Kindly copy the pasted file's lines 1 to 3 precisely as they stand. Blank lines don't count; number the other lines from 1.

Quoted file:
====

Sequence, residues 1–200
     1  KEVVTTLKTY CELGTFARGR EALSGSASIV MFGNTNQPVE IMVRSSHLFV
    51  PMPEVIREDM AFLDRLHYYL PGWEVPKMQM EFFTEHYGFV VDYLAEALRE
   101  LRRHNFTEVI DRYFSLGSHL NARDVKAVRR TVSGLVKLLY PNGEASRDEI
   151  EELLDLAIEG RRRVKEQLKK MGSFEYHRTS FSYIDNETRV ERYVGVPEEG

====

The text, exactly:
Sequence, residues 1–200
     1  KEVVTTLKTY CELGTFARGR EALSGSASIV MFGNTNQPVE IMVRSSHLFV
    51  PMPEVIREDM AFLDRLHYYL PGWEVPKMQM EFFTEHYGFV VDYLAEALRE